What is Depressive Disorder?
During these challenging times, everyone experiences sadness from time to time. However, if depression prevents you from working over an extended period of time, it may be a sign of depressive disorder. According to the American Psychiatric Association, common symptoms include lethargy, feeling worthless, and loss of interest in activities. Depression is fairly common among adults. The National Institute of Mental Health reports that stress and loss often cause the disorder. Also, other risk factors include major loss, childhood trauma, chemical imbalance or a neurotic personality. Not all who suffer from depression, however, will qualify for disability benefits. Social Security must consider whether the depression a claimant is experiencing is disabling.
SSA will consider all relevant medical evidence about your disorder from your physician, psychologist, and other medical sources, which include health care providers such as physician assistants, psychiatric nurse practitioners, licensed clinical social workers, and clinical mental health counselors. Without consistent treatment from a health care provider there is no evidence to prove the severity of your condition.
Use of illegal drugs or alcohol may result in a negative outcome. Abstinence from drugs and/or alcohol is crucial.
The Social Security Administration (SSA) Listing for Depressive Disorder
SSA has broken down the human body and mind into (14) distinct impairment categories called medical listings. These listings help Social Security evaluate disability claims. An individual “meets” a listing when their impairment manifest all symptoms required for the listing.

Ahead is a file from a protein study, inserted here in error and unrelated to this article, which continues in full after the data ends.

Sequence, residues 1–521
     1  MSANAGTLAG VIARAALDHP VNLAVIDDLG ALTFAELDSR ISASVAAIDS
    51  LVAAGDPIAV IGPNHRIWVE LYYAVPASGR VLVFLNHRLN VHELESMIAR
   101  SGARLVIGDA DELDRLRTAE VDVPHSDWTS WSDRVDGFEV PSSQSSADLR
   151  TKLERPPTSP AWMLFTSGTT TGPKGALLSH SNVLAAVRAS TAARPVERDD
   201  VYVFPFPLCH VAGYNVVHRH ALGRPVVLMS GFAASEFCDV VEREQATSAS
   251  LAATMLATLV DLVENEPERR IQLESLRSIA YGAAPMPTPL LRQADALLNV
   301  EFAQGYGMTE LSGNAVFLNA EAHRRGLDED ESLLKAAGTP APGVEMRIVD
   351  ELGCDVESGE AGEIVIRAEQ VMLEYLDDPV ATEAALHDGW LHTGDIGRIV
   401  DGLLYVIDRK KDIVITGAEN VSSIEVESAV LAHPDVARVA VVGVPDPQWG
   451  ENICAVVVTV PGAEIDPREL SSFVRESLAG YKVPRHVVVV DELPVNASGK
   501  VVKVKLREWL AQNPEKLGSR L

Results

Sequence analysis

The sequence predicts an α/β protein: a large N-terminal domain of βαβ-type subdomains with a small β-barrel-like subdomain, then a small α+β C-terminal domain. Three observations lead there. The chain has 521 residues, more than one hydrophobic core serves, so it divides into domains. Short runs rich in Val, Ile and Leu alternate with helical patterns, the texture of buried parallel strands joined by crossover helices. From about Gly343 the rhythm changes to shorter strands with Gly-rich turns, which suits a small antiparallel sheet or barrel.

The SSA listing requires at least five or more of the following symptoms:
- Depressed mood;
- Diminished interest in almost all activities;
- Appetite disturbance with change in weight;
- Sleep disturbance;
- Observable psychomotor agitation or retardation’
- Decreased energy;
- Feelings of guilt or worthlessness;
- Difficulty concentrating or thinking; or
- Thoughts of death or suicide.
Having five or more of the above symptoms meets the first part of the listing. The second part of the listing requires that you have extreme limitation of one, or marked limitation of two, of the following areas of mental functioning:
- Understand, remember, or apply information. (For example, understanding and learning terms, instructions, procedures; following one- or two-step oral instructions to carry out a task.)
- Interact with others. (For example, cooperating with others; asking for help when needed; handling conflicts with others; stating own point of view.)
- Concentrate, persist, or maintain pace. (For example, initiating and performing a task that you understand and know how to do; working at an appropriate and consistent pace; completing tasks in a timely manner.)
- Adapt or manage oneself. (For example, responding to demands; adapting to changes; managing your psychologically based symptoms.)
The terms “extreme” and “marked” are specifically described by the SSA. In this context, extreme means that “you are not able to function in this area independently, appropriately, effectively, and on a sustained basis.” Marked, on the other hand, means that “your functioning in this area independently, appropriately, effectively, and on a sustained basis is seriously limited.”. While these terms are defined in the SSA listing, they are still often subject to interpretation. Providing medical documentation showing that you meet the listing can be tough, but you can use statements from a psychologist, statements from former bosses or co-workers, family members, social workers, or anyone else who can speak to the impact that the symptoms of depression have had on your ability to work.
If your depression is interfering with your ability to keep a job, reach out to a Social Security disability attorney. They can work with you to see if you can be approved for Social Security disability benefits